Aggressive new recommendations for treating patients at high risk of cardiovascular disease could significantly alter the treatment landscape.
Will J&J ever regain its once stellar reputation for ethics and social responsibility?
According to a Stericycle ExpertRecall report, drug and pharmaceutical recalls reported by FDA in the second quarter of this year surged 127% over the previous quarter
Data-sharing advocates have been calling on manufacturers to release the raw data from clinical trials so that researchers can look at all the parameters related to specific drugs
A study found that removing financial barriers to medication adherence improves the quality of patient care, but does not result in major savings
There's been a paradigm shift among buy-side companies, which have finally accepted the fact that external R&D is going to be a big part of the future.
The White House has released its proposed budget for the 2014 fiscal year, and while it gives a modest boost to Health and Human Services, it also seeks to extract more cost savings from pharmas.
With sequester cuts taking effect at FDA and no sign of a deal to end them in sight, it's certain the approvals process will slow as the agency absorbs the loss.
With the dust beginning to settle on CMS's final rule for the Sunshine provisions of Obamacare, winner and losers are starting to emerge from the fine print
What's been called the first clinical study protocol developed using crowdsourcing methods received the FDA's imprimatur.
Pushing back against complaints that the drug approvals process moves too slowly in the US, FDA issued a report saying it kept pace with its 2011 showing
Due to the trend toward increased healthcare access, healthcare could go from being an additional benefit to "being regarded everywhere as a basic human right." That would mean more drugs prescribed.
Hearing patient activists and pharma and agency execs talk about connecting through social and other online channels brings to mind a room full of awkward wallflowers at a high school dance.
A Bernstein Research report shows that, essentially, "Pipeline success rates across all phases of development have been slowly worsening or at best staying flat, depending on the phase (preclinical through registration)."
The winner of Sanofi's second Data Design Diabetes Innovation Challenge was a community-focused proposition that focuses on face-to-face interactions
Scientists are getting closer to finding the killer app in treating hepatitis C, but it may be too soon to pick a winner.
FDA issues may deter drugmakers from engaging in social media, but that's no excuse to ignore what audiences are saying on these platforms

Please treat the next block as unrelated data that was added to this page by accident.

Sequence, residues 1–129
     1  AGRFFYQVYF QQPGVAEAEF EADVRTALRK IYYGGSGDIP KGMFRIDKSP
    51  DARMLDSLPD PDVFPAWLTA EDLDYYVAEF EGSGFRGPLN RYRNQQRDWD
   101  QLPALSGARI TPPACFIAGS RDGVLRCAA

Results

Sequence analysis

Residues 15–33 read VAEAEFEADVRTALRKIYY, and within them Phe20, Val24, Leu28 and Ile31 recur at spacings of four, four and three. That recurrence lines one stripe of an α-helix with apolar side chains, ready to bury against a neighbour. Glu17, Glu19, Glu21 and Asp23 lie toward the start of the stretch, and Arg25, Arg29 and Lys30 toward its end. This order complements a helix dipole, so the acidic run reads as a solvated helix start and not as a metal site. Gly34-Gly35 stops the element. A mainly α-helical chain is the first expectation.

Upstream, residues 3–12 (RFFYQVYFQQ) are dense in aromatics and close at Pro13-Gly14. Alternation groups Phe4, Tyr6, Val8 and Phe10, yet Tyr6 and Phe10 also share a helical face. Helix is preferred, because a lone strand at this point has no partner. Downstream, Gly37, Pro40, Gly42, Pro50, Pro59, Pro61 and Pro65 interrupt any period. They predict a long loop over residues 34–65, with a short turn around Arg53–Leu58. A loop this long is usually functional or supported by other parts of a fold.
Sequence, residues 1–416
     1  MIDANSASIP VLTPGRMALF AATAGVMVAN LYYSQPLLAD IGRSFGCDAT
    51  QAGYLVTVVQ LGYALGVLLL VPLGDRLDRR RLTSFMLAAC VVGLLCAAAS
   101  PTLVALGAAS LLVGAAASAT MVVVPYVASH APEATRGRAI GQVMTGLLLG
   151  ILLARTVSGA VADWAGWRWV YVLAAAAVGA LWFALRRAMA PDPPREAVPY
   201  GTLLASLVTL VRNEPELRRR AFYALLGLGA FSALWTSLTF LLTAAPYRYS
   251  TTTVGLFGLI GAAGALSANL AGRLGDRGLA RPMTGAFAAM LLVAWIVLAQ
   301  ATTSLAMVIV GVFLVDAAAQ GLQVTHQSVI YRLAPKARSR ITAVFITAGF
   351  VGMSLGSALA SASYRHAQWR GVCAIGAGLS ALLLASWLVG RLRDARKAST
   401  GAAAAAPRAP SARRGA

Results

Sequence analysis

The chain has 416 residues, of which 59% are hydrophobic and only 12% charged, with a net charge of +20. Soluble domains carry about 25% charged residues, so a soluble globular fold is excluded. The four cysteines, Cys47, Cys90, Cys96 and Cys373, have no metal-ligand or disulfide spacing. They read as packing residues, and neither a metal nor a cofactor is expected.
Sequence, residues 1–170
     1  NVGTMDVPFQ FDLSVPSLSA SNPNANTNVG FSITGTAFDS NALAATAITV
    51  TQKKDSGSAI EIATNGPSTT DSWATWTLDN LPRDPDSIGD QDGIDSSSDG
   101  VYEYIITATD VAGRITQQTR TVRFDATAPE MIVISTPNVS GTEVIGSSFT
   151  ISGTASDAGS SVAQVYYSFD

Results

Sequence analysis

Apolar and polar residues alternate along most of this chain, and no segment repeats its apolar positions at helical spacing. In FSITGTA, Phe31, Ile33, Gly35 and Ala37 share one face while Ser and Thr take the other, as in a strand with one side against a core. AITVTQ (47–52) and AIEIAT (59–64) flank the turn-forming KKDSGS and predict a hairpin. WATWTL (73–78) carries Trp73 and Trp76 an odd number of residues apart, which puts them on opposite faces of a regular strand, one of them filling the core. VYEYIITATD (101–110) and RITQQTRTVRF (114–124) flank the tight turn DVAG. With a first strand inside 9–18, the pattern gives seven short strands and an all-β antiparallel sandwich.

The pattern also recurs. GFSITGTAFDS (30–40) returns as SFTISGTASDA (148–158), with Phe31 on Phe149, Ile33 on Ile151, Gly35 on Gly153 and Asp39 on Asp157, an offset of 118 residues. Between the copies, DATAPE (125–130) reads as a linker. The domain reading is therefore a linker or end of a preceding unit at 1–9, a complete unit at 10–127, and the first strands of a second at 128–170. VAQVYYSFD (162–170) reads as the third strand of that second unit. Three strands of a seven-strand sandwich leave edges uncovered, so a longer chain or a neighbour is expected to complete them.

Community Catalyst has declared war on prescription co-pay cards and coupons, calling the sales tools nothing more than kickbacks and bribes.
Why the Susan G. Komen for the Cure Foundation's previously unassailable brand in healthcare fundraising may have sustained some permanent damage.
News of WebMD's planned sale—since aborted—surprised many observers.
Everyone in biopharma knows that manufacturers are spending more to develop drugs that earn less than they did ten years ago, but a new study has put some eye-popping numbers on the industry's dwindling returns.
A little over half of US girls ages 13 to 17 have not gotten even one dose of the HPV vaccine
After Facebook's decision on August 15 to enforce open walls on the site's pharma pages, companies had two options: close down their pages altogether, or let the public openly comment on their products.
Oral anticoagulant Eliquis (apixaban) has demonstrated superior efficacy and bleeding profile to standard warfarin therapy. Barring any bombshells, that should be enough for this agent, being developed by Pfizer and Bristol-Myers Squibb, to get US approval and form a compelling sales narrative in the warfarin-alternative market, analysts say.
The FDA is moving cautiously on a call by the Institute of Medicine (IOM) to scrap the approvals process for many medical devices.
FDA issued draft guidance on mobile medical apps, focusing narrowly on those programs that augment regulated medical devices or turn mobile devices into medical devices.
Pharmaceutical R&D productivity hasn't always been an oxymoron. What has gone wrong, and how to improve it, was the subject of a Bernstein Research investor conference in May that pulled together eight industry experts from a variety of backgrounds.
The Patient Protection and Affordable Care Act turned one in March, and it was, for the drug industry, an ambivalent occasion.